'The more you drink, the more you earn,' Xcel Energy critics claim
November 14, 2009 —
With Xcel Energy on pace to disconnect power to some 70,000 Coloradans this year for nonpayment, energy activists are openly questioning why ratepayers should pick up the tab for lavish executive board-member dinners, hotel and spa retreats and luxury box tickets to professional sports games.
In an exhibit filed with the Colorado Public Utilities Commission on the last day of a rate-case hearing in Denver last week — in which Xcel sought nearly a $180 million rate hike — the state’s largest power provider detailed expenses totaling more than $120,000 that it hoped to pass on to its 1.3 million Colorado customers.
Some of those 2008 travel and entertainment expenses include $9,524 of a $41,890 bill for a board retreat at the plush St. Julien Hotel and Spa in Boulder; $5,410 of a $9,721 bill for Colorado Avalanche games; $19,323 of a $26,639 bill for “other employee related sporting activity”; $3,746 of an $11,958 tab at McCormick’s Fish House and Bar in Denver; and $3,458 of a staggering $15,211 bill at Frasca restaurant in Boulder.
Dennis Kelly, an attorney in Arapahoe County representing a grassroots activist group called the ArapaHOPE Community Team, tried late last month to introduce testimony from the Minnesota attorney general in a similar rate case in May for Xcel subsidiary Northern States Power Company before the Minnesota Public Utilities Commission.
Kelly said the Colorado PUC — which is in charge of state oversight of the Minneapolis-based, investor-owned utility — refused to enter the testimony from the Minnesota case into the Colorado docket but did request information from Xcel detailing whether there were similar expenses being passed on to Colorado ratepayers.
“I have no problem with travel and entertainment expenses as long as they’re reasonable and justified, but some of these go beyond the pale of what’s reasonable and what’s justified,” Kelly said. “It just seems like an awful lot of money for the ratepayers to be paying for. If the company wants to do it, that’s fine, but it should be the shareholders, not the ratepayers.”
In the Minnesota case, Xcel reportedly axed $3.9 million from its rate increase request of $156 million after Minnesota Attorney General Lori Swanson questioned how a number of expenses being passed on to ratepayers had anything to do with providing power.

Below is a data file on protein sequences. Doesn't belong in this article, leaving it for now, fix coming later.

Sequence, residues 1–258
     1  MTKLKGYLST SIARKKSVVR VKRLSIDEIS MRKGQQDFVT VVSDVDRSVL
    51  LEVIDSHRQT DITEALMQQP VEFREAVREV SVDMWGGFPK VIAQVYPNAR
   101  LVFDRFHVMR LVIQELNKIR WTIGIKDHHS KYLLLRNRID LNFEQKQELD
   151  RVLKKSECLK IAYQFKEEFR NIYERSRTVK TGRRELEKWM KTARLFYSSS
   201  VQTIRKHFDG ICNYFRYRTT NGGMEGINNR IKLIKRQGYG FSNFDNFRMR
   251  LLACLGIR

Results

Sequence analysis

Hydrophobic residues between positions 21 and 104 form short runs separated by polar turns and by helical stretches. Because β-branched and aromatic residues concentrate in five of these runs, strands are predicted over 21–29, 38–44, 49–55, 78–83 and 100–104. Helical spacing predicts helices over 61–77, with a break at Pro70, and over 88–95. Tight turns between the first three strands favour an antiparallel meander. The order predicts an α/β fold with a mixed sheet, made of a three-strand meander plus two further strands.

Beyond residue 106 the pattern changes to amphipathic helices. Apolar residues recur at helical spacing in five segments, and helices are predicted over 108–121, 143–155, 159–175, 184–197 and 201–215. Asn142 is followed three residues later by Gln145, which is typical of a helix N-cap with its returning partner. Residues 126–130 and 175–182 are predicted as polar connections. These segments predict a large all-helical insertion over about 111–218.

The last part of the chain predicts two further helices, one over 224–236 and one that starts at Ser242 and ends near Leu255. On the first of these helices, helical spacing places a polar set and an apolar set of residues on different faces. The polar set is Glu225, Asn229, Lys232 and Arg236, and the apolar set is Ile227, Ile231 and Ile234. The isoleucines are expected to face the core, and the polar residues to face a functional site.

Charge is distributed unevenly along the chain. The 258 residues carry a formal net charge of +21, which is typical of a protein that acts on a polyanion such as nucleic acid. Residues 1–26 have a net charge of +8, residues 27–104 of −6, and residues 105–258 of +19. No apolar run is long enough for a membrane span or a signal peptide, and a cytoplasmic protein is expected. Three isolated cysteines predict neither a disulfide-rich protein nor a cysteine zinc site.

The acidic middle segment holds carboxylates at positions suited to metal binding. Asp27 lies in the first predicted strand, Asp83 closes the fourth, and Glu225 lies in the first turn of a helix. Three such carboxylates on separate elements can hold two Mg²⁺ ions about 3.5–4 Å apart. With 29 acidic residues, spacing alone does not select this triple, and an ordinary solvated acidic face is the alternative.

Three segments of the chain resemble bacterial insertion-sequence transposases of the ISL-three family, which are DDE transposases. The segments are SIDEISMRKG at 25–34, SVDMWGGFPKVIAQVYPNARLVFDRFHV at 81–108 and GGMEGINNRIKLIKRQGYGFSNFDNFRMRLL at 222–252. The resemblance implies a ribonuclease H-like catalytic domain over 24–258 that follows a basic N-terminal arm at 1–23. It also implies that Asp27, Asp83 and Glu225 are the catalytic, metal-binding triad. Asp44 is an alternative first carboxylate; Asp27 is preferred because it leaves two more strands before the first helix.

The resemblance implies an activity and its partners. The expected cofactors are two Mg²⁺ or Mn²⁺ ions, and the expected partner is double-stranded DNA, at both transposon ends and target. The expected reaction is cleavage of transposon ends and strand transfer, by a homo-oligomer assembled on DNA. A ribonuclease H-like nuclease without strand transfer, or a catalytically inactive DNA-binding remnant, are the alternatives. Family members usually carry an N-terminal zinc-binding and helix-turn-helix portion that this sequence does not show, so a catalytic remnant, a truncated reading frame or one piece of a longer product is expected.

“Xcel has charged Minnesota electric ratepayers — and likely Minnesota gas ratepayers — for expenses that are not reasonable or necessary for the provision of electric services,” the OAG’s office concluded. “The OAG believes it would be beneficial for the Minnesota Public Utilities Commission to order a complete review of these expenses …”
Kelly and other “interveners” in Xcel’s Public Service Company (PSCo) rate case want the Colorado PUC to set strict guidelines for such expenses in the future. They say the PUC apparently does not have any such parameters for T&E expenses. Matt Baker, one of three PUC members, said Monday he could not comment on an open docket.
“That is an active issue in the rate case, so I can’t talk about it, but it has been brought up,” Baker confirmed. Xcel’s second rate case in the last year – it received a $112 million increase just last summer – should be decided in the next two weeks after all the parties submit position statements.
In a statement issued Tuesday afternoon by Xcel in response to inquiries from The Colorado Independent, a spokesman for the utility called the expenses “a reasonable cost of doing business” and said the company has offered to remove them.
“In response to the issue raised by parties in the case, PSCo [Xcel] performed a detailed analysis to see the amount of these types of expenditures included in its historic test year. The number was small — $121,000, which is .004 percent of customer bills,” spokesman Tom Henley wrote in an e-mail.
“The commission has never disallowed these sorts of expenditures in the past and the company finds that these occasional expenses are a reasonable cost of business, but offered to remove the costs from its historic test year during the hearings. The company will offer to remove the same amount from its forecasted test year, meaning that customers in Colorado will not be paying for these types of expenses.”
Kelly said that at the very least the PUC should establish a rule barring alcohol costs from being passed on to ratepayers.
“These people have no sense of propriety given the current situation in our country, but they need to ask themselves if they really need all of this that they’re asking for,” Kelly said. Leslie Glustrom of Boulder-based Clean Energy Action, another intervener in the rate case, seconded that sentiment.
“In this particular case, if those expenses go into the rate base, the message it sends is the more you drink, the more you earn,” Glustrom said. “The commission can set a clear policy of, ‘Go ahead, make your deals over wine and dinner if you want, but don’t charge it to ratepayers.’ If they want to do that, let their shareholders pay for it.”
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